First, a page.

When a benefit can be accessed

 

The payment standards are prescribed in Part 6 of the Superannuation Industry (Supervision) Regulations 1994 (SIS Regulations) and the conditions of release are set out in Schedule 1 of the SIS Regulations. 


SIS Regulations subparagraph 6.17(2)(a)(i) states that a member's benefits in a fund may be paid by being cashed in accordance with Division 6.3.

SIS subregulation 6.18(1) states that a member's preserved benefits in a regulated superannuation fund may be cashed on or after the satisfaction by the member of a condition of release.

 SIS subregulation 6.01(2) defines a condition of release to mean a condition of release specified in Column 2 of Schedule 1 and, subject to regulation 6.01B, a member of a fund is taken to have satisfied a condition of release if the event specified in that condition has occurred in relation to the member.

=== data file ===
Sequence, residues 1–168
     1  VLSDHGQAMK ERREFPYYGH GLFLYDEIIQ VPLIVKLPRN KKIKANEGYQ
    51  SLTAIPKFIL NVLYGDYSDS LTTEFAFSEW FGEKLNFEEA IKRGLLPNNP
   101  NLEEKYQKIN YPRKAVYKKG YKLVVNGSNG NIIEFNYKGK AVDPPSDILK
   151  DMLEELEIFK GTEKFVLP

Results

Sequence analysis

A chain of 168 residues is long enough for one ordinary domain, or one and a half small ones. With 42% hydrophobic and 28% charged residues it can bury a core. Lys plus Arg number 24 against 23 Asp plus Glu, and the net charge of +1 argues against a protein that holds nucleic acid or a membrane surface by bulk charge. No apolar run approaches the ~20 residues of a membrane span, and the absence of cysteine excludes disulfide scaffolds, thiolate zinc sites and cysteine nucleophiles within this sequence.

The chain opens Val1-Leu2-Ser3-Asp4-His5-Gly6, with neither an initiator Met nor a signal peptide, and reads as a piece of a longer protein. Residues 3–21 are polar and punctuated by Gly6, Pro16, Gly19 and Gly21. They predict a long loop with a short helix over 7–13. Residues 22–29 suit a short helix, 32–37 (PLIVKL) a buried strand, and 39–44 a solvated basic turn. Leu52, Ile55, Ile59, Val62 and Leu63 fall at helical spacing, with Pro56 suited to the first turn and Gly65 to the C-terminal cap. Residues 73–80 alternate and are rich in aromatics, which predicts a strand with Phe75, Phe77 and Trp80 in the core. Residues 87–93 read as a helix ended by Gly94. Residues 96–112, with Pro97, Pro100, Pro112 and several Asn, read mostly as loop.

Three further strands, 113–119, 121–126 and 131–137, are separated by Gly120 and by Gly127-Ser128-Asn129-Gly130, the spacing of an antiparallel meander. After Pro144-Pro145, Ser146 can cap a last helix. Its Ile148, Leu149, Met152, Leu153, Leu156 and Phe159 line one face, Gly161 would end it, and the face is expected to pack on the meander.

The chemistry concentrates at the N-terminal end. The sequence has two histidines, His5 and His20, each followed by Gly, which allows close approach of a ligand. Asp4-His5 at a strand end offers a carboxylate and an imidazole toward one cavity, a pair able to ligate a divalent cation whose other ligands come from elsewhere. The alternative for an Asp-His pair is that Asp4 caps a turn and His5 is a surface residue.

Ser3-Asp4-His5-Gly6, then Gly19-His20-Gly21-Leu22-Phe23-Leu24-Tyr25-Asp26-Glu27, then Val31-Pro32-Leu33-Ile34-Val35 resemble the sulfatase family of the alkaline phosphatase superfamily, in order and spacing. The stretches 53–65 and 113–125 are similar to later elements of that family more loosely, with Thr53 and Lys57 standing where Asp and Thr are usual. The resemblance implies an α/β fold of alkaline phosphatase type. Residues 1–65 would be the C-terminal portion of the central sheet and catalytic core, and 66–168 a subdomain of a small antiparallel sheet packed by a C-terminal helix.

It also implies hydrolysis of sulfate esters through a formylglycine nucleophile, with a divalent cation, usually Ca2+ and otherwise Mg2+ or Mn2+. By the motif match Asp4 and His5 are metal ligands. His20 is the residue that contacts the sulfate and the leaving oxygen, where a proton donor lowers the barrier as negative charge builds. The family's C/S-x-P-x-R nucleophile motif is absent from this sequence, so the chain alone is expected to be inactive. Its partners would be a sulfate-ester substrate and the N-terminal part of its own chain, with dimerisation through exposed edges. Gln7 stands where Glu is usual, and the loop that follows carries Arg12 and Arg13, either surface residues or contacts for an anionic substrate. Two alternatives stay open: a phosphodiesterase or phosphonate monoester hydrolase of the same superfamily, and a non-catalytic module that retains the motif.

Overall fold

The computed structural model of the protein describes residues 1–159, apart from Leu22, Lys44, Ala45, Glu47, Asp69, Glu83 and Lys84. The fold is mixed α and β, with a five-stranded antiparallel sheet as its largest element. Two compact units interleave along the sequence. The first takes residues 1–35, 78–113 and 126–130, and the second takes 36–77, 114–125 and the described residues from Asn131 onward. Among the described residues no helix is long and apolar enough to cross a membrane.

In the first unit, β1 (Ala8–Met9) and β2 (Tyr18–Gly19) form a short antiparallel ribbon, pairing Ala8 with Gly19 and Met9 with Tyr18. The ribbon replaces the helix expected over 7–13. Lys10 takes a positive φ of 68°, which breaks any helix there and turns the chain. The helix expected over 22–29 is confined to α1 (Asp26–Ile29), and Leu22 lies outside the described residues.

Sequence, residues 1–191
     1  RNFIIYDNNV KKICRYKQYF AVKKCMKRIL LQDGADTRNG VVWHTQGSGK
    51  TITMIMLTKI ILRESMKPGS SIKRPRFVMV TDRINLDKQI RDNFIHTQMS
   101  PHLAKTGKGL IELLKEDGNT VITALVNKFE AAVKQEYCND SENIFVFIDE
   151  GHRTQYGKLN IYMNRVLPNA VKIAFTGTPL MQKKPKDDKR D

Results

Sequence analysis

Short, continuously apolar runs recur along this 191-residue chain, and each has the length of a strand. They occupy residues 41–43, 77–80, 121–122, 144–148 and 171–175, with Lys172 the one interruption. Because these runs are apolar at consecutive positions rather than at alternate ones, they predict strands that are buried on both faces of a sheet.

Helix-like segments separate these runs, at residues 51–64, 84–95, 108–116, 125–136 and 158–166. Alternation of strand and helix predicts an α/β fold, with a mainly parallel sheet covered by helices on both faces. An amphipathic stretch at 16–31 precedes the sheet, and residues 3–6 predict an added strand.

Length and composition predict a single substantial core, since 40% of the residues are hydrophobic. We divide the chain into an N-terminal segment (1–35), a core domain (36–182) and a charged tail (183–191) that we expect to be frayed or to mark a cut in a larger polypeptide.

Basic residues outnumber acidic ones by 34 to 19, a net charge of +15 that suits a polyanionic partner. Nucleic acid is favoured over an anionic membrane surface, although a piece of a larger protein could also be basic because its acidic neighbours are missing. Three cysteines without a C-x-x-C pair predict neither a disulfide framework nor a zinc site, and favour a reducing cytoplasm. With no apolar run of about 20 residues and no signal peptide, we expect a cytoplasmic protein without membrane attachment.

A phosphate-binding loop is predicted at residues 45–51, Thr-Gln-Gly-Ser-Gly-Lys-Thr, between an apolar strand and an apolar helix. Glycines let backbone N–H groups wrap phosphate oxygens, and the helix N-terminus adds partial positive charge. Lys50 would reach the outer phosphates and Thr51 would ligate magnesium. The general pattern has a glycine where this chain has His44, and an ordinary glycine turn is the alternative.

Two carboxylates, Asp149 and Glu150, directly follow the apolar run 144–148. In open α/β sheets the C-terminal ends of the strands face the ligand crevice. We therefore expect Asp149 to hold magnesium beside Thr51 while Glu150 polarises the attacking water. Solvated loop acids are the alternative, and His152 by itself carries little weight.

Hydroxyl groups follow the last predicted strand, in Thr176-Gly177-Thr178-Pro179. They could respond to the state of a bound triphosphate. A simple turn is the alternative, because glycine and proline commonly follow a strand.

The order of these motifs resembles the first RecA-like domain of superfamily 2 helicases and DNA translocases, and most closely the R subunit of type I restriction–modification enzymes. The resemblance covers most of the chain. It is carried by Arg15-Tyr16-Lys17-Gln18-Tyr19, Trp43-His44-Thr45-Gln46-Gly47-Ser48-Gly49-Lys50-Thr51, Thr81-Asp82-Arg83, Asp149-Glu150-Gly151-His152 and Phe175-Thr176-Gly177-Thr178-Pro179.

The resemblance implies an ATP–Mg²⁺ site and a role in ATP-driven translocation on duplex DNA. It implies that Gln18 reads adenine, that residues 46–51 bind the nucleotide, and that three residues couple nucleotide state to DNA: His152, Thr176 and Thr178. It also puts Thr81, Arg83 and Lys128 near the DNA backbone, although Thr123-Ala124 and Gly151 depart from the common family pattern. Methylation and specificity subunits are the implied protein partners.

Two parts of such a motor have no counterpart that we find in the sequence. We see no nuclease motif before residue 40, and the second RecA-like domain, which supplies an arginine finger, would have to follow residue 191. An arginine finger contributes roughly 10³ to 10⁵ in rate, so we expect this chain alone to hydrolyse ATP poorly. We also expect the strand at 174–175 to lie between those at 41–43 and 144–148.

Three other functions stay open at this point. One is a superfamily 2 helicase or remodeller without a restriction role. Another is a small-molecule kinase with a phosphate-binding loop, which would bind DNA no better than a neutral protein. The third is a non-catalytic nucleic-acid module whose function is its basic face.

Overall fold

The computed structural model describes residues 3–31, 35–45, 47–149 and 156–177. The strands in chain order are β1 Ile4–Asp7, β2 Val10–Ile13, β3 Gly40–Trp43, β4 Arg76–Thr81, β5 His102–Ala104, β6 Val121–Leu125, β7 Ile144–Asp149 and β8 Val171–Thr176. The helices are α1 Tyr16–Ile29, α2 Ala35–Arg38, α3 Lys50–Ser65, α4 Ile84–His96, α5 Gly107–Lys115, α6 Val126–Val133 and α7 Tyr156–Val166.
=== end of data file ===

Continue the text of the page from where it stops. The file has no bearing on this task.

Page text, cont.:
The conditions of release listed in Schedule 1 include:

 

  • Retirement
  • Death
  • Terminal medical condition
  • Permanent incapacity
  • Temporary resident permanently departing Australia
  • Termination of gainful employment with a standard employer-sponsor of the regulated superannuation fund on or after 1 July 1997 (where the member's preserved benefits in the fund at the time of the termination are less than $200.
  • Severe financial hardship
  • Attaining age 65
  • Compassionate grounds
  • Termination of gainful employment with an employer who had, or any of whose associates had, at any time, contributed to the regulated superannuation fund in relation to the member.
  • Temporary incapacity
  • Attainment of preservation age. 

 

Where the member has not met any of the conditions of release shown above the member will be assessed as having accessed benefits without meeting a condition of release. Therefore the amount paid to the member will be assessed as part of their normal assessable income.

 

Please note that this regulation falls under the operating standards of the SIS Act and therefore is subject to the new penalty regime imposed by the ATO from 30 June 2014. This holds a possible charge of $3,400 per trustee so it is very important to follow the requirements set out above.

 

 

 

Value Assets at Market Values